California Farm Statistics
USDA's Economic Research Service has provided the latest U.S. farm income forecasts for 2018 and state estimates through 2017 (data as of Aug. 30). 
California's cash receipts totaled $50.13 billion in 2017. The top five in cash receipts were dairy products/milk ($6.56 billion), miscellaneous crops ($6.08 billion), grapes ($5.79 billion), almonds ($5.6 billion) and strawberries ($3.1 billion). Cash receipts for grapes in previous years were $5.62 billion in 2016, $5.31 billion in 2015 and $5.24 billion in 2014. The No. 1 production expense for California agriculture in 2017 was hired labor, totaling $7.87 billion.

Proceeds support NVG's efforts to preserve and promote Napa Valley vineyards, plus the professional development and educational opportunities of farmworkers.
Press release, Sept. 4

Interest in the grape in California began in the mid-1980s, but significant plantings have taken place only within the past 15 or so years.
Lodi Winegrape Commission, Sept. 4
West Sonoma Coast may be a new AVA in 2019. See TTB's list of  pending AVA petitions .
Bloomberg, Aug. 31

A new discovery by Washington State University scientists could help grape growers roll back a devastating virus that withers vines and shrivels harvests.
WSU, Aug. 29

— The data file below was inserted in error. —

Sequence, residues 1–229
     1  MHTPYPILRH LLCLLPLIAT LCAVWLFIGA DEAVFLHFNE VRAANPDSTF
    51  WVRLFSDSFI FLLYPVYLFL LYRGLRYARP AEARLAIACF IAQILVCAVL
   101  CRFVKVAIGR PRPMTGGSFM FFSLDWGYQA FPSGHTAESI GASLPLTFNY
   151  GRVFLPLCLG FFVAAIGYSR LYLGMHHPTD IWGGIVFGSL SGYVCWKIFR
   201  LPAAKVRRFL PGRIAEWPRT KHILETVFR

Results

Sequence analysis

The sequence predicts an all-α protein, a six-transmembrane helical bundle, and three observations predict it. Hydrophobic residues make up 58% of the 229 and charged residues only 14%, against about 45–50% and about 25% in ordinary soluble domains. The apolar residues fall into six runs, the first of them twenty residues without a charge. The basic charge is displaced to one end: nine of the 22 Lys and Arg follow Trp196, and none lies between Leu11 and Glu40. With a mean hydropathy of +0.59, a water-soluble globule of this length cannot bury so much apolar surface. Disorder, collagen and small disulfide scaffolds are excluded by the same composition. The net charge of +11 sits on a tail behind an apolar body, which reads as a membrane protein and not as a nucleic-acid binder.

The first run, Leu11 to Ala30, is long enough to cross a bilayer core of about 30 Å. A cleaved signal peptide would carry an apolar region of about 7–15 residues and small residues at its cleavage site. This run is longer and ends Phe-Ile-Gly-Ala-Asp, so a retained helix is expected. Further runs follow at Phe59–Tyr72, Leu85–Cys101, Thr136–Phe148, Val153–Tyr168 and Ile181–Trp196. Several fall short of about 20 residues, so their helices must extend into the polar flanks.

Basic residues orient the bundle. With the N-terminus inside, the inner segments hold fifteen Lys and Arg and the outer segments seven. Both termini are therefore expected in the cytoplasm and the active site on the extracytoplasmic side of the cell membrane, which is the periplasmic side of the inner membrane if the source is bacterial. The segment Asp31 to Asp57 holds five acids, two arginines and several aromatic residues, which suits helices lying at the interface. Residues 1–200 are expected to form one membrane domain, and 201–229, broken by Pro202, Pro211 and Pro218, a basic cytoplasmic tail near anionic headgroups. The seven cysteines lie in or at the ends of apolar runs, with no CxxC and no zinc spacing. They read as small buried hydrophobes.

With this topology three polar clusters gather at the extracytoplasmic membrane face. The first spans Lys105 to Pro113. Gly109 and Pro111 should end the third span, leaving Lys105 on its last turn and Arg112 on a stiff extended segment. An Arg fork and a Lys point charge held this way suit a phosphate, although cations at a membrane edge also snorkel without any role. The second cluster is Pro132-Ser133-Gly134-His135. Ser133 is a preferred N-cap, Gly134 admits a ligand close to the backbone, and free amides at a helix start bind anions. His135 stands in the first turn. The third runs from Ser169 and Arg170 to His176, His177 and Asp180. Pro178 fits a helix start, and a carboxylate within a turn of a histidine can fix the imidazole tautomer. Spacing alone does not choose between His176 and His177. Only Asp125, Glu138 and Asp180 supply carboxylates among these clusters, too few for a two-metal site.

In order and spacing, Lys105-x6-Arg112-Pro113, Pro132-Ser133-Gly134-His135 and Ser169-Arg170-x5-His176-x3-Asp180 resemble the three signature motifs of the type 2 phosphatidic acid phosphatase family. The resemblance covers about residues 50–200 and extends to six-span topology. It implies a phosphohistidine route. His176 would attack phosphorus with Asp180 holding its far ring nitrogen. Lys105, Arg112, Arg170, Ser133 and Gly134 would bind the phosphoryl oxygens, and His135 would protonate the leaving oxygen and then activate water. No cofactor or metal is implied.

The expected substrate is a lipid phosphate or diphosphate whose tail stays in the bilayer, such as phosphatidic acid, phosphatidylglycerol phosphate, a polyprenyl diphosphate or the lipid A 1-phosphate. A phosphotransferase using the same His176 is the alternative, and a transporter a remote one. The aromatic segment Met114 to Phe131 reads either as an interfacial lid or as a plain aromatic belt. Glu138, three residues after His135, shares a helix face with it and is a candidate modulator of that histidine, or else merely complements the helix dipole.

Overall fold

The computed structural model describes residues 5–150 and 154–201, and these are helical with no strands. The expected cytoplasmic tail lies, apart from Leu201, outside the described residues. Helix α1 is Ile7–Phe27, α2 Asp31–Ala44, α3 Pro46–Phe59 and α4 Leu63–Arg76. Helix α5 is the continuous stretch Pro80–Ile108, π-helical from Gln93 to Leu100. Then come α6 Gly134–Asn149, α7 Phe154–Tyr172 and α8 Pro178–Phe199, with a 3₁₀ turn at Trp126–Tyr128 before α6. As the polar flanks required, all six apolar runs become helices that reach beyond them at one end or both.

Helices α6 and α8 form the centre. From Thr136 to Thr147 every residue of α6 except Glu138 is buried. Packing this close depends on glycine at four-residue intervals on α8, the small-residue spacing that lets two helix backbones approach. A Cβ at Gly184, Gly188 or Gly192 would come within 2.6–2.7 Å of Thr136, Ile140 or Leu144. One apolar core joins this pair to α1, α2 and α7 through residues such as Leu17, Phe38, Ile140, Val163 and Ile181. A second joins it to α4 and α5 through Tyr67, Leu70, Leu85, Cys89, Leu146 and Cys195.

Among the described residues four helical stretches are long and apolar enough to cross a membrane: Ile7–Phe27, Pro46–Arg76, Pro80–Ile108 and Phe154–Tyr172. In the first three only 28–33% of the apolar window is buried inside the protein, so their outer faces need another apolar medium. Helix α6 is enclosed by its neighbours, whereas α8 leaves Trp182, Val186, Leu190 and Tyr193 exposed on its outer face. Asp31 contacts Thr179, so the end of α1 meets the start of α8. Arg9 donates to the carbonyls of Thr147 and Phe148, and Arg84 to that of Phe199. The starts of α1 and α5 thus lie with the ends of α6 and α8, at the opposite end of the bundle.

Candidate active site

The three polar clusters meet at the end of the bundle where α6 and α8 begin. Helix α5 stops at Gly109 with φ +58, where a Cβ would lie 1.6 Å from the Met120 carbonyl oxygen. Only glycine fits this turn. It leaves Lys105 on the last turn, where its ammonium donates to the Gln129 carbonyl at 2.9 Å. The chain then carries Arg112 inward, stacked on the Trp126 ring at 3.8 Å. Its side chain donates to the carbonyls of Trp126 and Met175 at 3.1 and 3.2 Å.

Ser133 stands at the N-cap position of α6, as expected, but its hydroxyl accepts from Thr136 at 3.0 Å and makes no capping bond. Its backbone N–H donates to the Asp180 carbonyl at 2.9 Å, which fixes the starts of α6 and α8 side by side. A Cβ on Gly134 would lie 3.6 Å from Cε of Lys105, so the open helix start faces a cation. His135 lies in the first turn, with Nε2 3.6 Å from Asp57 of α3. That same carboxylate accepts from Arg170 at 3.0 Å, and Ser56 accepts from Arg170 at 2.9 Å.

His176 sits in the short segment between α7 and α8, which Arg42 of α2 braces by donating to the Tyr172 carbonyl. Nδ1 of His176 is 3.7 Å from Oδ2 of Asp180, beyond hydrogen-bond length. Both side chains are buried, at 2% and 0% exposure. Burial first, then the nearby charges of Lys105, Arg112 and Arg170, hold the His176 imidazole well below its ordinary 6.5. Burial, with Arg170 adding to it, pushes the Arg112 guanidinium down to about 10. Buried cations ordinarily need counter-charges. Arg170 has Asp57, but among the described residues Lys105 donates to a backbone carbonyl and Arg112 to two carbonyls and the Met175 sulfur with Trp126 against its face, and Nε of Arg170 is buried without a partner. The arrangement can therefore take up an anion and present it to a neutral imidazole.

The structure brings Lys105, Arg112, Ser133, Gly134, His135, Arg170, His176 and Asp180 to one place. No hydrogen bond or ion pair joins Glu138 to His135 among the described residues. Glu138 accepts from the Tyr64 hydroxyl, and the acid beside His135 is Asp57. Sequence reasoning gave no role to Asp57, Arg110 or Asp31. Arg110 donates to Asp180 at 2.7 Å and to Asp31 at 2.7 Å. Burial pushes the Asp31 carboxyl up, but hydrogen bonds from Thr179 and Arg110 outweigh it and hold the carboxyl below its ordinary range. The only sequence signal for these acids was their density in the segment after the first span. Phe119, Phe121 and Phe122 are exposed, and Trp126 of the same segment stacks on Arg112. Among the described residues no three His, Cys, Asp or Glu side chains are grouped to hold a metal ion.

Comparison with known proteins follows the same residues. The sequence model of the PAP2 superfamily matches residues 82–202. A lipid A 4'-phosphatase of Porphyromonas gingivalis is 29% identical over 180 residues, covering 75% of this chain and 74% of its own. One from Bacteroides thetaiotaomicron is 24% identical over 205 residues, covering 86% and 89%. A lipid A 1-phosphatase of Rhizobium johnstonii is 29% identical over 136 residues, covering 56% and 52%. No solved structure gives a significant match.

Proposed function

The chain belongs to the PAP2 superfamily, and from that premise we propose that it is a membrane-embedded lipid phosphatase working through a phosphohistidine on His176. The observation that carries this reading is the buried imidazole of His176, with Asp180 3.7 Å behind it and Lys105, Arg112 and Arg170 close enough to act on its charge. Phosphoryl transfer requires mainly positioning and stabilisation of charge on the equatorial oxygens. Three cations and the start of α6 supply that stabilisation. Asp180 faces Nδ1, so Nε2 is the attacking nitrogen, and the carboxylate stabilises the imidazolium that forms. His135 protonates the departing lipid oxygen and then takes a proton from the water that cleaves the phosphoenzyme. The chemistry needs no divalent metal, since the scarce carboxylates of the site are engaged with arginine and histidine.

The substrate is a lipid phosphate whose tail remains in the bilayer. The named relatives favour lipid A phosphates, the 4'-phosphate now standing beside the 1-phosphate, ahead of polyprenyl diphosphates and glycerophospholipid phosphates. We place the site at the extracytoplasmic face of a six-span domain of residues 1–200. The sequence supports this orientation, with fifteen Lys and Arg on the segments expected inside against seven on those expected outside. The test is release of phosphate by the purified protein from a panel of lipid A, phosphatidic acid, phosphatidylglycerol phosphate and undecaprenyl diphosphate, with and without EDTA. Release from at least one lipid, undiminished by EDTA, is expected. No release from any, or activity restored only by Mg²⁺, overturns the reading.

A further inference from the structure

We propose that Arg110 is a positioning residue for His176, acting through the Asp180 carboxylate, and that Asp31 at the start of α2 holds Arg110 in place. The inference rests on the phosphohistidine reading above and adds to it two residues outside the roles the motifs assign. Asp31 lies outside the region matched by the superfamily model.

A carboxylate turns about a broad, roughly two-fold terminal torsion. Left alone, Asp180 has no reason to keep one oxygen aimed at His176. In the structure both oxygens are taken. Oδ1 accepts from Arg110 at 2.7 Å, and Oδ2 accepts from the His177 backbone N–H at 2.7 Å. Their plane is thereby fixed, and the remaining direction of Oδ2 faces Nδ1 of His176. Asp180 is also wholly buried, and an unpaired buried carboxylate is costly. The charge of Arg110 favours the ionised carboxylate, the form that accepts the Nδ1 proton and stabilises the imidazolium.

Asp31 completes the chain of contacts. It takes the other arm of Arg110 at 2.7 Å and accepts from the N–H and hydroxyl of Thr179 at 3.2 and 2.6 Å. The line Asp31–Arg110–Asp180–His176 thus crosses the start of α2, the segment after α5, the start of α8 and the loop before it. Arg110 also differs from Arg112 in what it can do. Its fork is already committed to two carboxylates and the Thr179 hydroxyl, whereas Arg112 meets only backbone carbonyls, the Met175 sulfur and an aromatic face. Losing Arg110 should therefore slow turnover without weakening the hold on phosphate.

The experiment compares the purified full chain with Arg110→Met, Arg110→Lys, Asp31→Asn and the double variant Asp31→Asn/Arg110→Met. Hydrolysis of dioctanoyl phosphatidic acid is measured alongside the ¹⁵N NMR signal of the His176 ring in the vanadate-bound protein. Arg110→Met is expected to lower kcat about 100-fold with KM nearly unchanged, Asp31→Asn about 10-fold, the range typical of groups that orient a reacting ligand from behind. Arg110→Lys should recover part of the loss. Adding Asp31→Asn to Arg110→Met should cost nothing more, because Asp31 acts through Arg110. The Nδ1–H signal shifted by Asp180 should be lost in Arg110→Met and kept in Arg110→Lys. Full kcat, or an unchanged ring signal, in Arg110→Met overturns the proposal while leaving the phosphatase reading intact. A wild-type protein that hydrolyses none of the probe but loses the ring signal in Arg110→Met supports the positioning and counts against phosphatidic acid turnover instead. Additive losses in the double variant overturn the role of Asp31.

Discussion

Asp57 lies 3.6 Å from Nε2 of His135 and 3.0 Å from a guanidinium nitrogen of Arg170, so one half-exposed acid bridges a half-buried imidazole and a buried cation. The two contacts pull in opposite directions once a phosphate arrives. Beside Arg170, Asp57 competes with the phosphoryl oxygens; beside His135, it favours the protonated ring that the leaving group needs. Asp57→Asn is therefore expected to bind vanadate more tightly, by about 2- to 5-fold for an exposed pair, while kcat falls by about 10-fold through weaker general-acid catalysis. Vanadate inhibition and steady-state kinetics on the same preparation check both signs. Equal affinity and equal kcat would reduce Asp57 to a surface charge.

In the tight labor market, Napa/Sonoma winemakers are facing special challenges. Due to rebuilding the area, many workers are moving to construction jobs.
KPIX/CBS News, Sept. 5
As federal agents sweep farms across the country in search of unauthorized workers, are they targeting agriculture? ICE says no, but the farm sector says it's feeling the heat.
Agri-Pulse, Sept. 5
Articles highlights labor challenges. Several CAWG members quoted.
The Press Democrat, Aug. 31

(Belated) Presentation of CAWG Foundation Wine Competition Award 
Assemblyman Jim Cooper (D-Elk Grove) recently presented the gold medal award to David Phillips of Michael David Winery in Lodi. Cooper nominated the award-winning wine -- 2015 Rapture cabernet sauvignon.  

New Report: Managing Drought in a Changing Climate - Four Essential Reforms
The Public Policy Institute of California (PPIC) is pushing for a more focused plan of action that will potentially  help reduce the social, economic and environmental costs of future droughts. In a  28-page report , PPIC outlines the reforms as 1) plan ahead, 2) upgrade the water grid, 3) update water allocation rules and 4) find the money. "Anticipating and preparing for droughts of the future - with higher temperatures, shrinking snowpack, shorter and more intense wet seasons, more frequent extreme wet and dry years and rising seas - will help manage an array of other challenges, including growing risk of extreme flooding," states the report.

DWR Releases Report on Status of State's Dams
The California Department of Water Resources Division of Safety of Dams has released updated information on the 1,246 dams under the state's jurisdiction. The report lists each dam's downstream hazard classification, condition assessment and reservoir restriction status.  DWR says efforts to bolster dam safety is ongoing. In addition to continuous re-evaluations, now underway is a focused re-evaluation of spillways of 93 dams similar to Oroville.